A unique elective at Milton High School is teaching students acrobatics and choreography based on the famous Cirque de Soleil circus performances after school. “My parents made me try out,” student Cole Dobbs told The Atlanta Journal-Constitution. “At first, I was like, no way am I going to dance around on stage in silly costumes. But then I joined (the Cirque club) and I have loved it. It is extremely physically demanding and it’s my favorite part of the day.” The program is run by Larry Smith, a cirque and theatre teacher at Milton High School, whose goal for students is to work as a team while being creatively and physically challenged.
The MiCasa afterschool tutoring program boosts the academic abilities and confidence of children in the Farm Labor Housing Development who may have trouble with their English language skills. The program has seen a lot of success: MiCASA students typically score up to 20 points higher than other English learners and are in the top 10 percent of their class. “We are very proud of the children coming out of that camp because this is what America is all about; opportunity and creating constructive members of society who can communicate well and comport themselves well and contribute to society,” Butte County Housing Authority Director Ed Mayer told the Chico Enterprise-Record. The program was honored with the Agency Champion award from United Way of Northern California last month for its success.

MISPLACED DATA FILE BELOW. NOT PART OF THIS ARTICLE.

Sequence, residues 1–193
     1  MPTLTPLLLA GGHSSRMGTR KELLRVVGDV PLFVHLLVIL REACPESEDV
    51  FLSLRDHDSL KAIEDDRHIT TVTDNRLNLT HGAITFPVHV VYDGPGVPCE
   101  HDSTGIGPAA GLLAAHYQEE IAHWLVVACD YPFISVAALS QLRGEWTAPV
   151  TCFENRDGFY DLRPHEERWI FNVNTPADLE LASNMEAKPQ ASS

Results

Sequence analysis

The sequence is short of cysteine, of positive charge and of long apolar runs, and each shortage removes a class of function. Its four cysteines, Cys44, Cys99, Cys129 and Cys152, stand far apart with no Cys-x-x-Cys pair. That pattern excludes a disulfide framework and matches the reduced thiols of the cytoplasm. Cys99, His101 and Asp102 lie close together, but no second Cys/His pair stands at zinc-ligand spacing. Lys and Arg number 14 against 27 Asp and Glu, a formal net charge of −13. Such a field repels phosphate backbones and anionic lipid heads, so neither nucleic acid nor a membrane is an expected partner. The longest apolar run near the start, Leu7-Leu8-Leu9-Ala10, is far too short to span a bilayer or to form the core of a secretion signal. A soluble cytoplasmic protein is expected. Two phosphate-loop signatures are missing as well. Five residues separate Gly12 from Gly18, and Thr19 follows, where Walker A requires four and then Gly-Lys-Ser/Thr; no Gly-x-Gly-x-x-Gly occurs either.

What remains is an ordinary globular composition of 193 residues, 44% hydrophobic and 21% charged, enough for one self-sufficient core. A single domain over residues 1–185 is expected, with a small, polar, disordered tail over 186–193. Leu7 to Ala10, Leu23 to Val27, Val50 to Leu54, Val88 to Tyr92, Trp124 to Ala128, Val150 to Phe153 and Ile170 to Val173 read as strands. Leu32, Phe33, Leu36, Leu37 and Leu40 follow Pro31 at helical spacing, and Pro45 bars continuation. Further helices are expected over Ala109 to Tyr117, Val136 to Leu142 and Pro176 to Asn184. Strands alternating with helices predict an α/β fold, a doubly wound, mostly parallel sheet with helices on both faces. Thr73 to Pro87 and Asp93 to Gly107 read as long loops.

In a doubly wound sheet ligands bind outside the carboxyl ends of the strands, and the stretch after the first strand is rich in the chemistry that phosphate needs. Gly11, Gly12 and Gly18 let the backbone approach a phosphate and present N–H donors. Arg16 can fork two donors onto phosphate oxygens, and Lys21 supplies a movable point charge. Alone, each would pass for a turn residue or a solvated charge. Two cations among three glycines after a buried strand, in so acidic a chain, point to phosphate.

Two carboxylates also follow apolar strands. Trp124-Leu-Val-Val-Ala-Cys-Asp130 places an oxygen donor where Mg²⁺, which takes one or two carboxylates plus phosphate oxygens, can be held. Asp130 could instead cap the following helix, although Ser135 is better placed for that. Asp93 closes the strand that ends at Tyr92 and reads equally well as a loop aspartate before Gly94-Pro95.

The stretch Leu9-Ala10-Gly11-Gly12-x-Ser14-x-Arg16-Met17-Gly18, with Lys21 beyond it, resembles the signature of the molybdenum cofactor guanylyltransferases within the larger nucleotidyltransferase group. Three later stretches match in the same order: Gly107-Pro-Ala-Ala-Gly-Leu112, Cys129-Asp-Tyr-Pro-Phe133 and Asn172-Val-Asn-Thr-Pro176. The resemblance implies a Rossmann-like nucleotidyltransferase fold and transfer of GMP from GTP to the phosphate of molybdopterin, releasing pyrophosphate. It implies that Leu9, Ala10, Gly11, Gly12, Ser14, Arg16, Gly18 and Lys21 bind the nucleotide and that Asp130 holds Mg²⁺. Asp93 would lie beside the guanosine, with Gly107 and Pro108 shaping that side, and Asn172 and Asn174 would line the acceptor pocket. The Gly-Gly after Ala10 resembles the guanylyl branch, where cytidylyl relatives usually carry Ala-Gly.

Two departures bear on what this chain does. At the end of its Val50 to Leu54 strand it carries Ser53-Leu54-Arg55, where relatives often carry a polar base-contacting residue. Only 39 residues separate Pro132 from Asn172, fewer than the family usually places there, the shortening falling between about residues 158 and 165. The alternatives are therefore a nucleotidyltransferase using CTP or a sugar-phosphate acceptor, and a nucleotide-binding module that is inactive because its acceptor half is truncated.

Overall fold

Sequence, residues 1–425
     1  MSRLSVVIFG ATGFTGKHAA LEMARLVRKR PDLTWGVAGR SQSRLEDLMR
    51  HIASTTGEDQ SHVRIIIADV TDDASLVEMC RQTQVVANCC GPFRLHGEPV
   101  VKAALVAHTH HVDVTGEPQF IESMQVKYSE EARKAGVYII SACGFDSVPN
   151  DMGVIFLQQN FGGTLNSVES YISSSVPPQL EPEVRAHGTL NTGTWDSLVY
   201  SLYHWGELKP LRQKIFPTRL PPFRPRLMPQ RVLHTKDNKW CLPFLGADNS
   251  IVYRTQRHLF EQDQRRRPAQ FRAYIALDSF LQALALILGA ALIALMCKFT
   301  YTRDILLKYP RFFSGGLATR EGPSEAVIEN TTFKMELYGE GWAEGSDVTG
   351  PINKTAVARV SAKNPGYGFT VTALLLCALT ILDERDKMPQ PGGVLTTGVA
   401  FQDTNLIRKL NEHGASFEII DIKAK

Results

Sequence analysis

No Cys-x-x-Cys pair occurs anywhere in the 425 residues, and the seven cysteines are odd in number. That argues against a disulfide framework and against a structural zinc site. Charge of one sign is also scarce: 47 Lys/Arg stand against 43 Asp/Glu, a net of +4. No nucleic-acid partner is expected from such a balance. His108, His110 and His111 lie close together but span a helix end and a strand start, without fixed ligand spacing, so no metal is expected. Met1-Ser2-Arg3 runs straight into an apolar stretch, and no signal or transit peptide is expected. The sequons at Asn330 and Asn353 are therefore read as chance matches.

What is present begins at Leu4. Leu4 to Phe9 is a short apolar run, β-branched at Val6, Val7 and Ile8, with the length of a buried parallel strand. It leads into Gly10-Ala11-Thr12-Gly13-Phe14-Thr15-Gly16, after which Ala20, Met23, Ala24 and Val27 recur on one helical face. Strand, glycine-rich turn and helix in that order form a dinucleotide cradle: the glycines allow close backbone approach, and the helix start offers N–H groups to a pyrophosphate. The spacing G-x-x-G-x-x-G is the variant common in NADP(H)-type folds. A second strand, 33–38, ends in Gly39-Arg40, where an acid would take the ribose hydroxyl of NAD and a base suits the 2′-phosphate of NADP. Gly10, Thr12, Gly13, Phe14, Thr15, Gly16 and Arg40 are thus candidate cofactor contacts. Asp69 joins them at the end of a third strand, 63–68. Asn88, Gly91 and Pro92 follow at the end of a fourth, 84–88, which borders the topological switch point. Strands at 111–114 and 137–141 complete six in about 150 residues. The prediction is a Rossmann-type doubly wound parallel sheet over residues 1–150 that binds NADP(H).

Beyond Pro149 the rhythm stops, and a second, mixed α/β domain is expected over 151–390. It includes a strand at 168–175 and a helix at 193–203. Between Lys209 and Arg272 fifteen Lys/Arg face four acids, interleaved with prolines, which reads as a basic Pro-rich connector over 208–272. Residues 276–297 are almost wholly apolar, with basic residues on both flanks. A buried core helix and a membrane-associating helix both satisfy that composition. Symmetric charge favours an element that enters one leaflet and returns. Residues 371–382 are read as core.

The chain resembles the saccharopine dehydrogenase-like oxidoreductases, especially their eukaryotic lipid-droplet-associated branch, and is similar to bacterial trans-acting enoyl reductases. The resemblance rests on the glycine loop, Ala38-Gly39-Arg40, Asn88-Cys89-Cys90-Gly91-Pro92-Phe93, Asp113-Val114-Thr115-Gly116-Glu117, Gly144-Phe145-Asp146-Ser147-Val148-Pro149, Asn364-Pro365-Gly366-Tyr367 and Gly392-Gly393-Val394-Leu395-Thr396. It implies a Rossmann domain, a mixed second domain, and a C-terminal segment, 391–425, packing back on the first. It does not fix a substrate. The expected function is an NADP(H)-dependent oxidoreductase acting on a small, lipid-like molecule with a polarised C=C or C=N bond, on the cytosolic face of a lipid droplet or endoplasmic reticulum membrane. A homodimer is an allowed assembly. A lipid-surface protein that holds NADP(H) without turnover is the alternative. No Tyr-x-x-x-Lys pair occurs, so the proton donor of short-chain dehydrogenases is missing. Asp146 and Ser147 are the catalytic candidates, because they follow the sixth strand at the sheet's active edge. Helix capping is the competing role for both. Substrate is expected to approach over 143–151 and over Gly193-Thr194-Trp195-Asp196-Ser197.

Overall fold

The Washington Nationals Youth Baseball Academy promotes sports-based skills that helps youth overcome poverty, improve their academics and more. “The objective is to really teach them life lessons through baseball,” Washington Nationals founding partner and Chairman of the Washington Nationals Youth Baseball Academy board of directors Rodney Slater told Arkansas Online. “We call them scholar-athletes because the emphasis is on scholarship. … We also seek to positively impact their families as well.” Approximately 15,000 participants have been drawn to the thousands of events hosted since the Academy’s opening.
Helping Hands is a new afterschool program at Kid’s Place Sequoyah that teaches students about community and citizenship. Kindergarteners through fifth graders take part in community service activities like helping teachers at school and sorting through recyclables, showing students that it’s important to give back and serve others. Students “understand that regardless of your background, you might need some help one day… and that helping others is a part of life,” Kid’s Place at Sequoyah Director Dana Gamby told the Knoxville News-Sentinel.